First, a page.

Wednesday, September 15, 2004


I'm having trouble with the concept that two distinct identities can share parts but not coincide. In the story of Tib and Tibbles you have tib and tibbles at the begining and they aren't technically coinciding but tib is completley within Tibbles. So in my view they are at least partially coinciding. If Tib weighs 30 pounds and tibbles weighs 35 when you put them up on the table you get 35 pounds not 75. Can this paradox start with a "partial" coincidence?"


Blogger d.x. said...

trippy, dude.

September 17, 2004 at 9:10 AM  
Blogger Steve said...

I think this may have something to do with what we mean when we say "object." To me, an object is just an abstraction of our perception of the world, in the same sense that a geometric line is. A line doesn't exist in real life, only things that closely resemble a line. The same holds true with objects. Objects don't exist in the abstract sense, but things that resemble objects do. We are imagining Tibs as an object, but Tibs can't really exist in the world. For one, the object which we call "Tibs" could never So in my eyes, it's not paradoxical to have Tibs and Tibbles distinct but partially coincident, because as far as I'm concerned Tibs doesn't exist. Tibs is just an idea, not something real. (By my reasoning, I should maybe reject the fact that Tibbles exists... but Tibbles seems to have more of a right to exist than Tibs)

September 17, 2004 at 9:44 AM  
Blogger Ben said...

I think this is a lot about what Mark Heller said. It is the same thing, just named differently. I liked his wall analogy. His dinning room and living room share a wall, but that doesnt make the dinning room wall and the living room wall are coincident. They are one in the same. Just described differently.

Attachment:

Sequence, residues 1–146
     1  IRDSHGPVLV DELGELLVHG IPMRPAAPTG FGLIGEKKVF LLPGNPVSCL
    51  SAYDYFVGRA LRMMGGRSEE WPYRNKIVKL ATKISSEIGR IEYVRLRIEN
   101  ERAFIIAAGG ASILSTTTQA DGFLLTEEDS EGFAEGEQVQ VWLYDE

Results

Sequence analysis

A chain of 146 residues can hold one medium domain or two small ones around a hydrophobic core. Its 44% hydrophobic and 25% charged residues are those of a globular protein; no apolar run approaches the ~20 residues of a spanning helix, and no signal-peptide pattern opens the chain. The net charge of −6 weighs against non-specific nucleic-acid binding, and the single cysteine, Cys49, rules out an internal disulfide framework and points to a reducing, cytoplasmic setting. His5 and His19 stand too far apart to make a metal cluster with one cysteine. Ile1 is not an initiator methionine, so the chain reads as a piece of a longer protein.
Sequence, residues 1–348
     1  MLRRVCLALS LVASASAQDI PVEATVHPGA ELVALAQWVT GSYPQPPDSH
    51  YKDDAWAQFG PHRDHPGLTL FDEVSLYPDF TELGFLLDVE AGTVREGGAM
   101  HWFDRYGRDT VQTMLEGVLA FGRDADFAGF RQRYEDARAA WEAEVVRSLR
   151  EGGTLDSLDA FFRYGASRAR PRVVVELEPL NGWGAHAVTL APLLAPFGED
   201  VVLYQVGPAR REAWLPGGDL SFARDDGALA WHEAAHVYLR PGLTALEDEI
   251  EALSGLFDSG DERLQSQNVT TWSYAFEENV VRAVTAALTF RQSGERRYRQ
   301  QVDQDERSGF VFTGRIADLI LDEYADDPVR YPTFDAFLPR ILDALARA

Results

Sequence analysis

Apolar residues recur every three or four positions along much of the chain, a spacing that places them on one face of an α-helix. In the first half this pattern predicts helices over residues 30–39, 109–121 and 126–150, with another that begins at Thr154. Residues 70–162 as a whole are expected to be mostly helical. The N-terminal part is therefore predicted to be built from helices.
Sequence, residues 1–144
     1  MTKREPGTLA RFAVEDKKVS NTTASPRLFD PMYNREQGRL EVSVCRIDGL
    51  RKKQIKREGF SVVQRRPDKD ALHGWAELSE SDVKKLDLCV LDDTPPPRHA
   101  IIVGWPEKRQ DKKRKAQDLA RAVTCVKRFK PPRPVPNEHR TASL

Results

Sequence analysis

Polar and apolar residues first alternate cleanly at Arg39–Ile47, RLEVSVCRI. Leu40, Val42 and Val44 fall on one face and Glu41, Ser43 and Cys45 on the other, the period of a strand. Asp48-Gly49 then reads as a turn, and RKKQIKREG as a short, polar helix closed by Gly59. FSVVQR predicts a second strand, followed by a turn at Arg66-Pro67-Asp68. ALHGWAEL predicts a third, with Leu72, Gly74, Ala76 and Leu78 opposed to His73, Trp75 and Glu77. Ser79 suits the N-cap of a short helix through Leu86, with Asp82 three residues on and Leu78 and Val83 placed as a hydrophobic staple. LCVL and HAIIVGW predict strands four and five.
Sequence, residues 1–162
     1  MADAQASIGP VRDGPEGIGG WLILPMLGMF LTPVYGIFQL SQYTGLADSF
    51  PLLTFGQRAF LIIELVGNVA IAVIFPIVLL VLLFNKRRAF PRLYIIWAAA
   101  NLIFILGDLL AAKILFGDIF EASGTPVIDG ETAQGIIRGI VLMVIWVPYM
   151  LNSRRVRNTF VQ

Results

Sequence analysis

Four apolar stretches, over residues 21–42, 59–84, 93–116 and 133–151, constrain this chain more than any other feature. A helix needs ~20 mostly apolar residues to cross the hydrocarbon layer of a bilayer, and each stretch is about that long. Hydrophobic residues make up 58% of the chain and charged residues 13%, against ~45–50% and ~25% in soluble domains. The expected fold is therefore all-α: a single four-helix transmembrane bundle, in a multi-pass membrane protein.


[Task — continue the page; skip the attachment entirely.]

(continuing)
September 19, 2004 at 12:53 PM  
Blogger Chris Tillman said...

So what would Heller (or someone in his position) say to the putting-things-on-the-table-and-seeing-how-much-they-weigh argument given above?

As for problems with the concept of two distinct things sharing a part and not coinciding, consider siamese twins who share a hand. The twins are not, strictly speaking, identical, but the thing made up out of both of them, the aggregate of molecules that is where they are, is three-handed. One of the hands is both a part of twin A and twin B.

Does that help?

If so, then let me make things messier again: Does each twin have two hands? If each does, then how can their aggregate be three-handed?

September 19, 2004 at 7:31 PM  
Blogger Howeman said...

Just a quick thing. Actually imagine siamese twins that share a hand. Don't just skip over it because you get the point. Maybe I'm just an evil person, but that is a really funny picture.

So, I'm going to change to three legs, because I can imagine that happening.

My take on the argument, is that one is used to seeing people with two legs. So, one can picture each of the halfs having two legs by just blocking out the other head. But in reality, there are really three legs, and two heads. This is where the "no parts" ideology looks really appetizing. The entity is one part, and so you can't say there are two bodies there that show a leg, merely one person with an extra head and leg.

September 27, 2004 at 9:08 PM  

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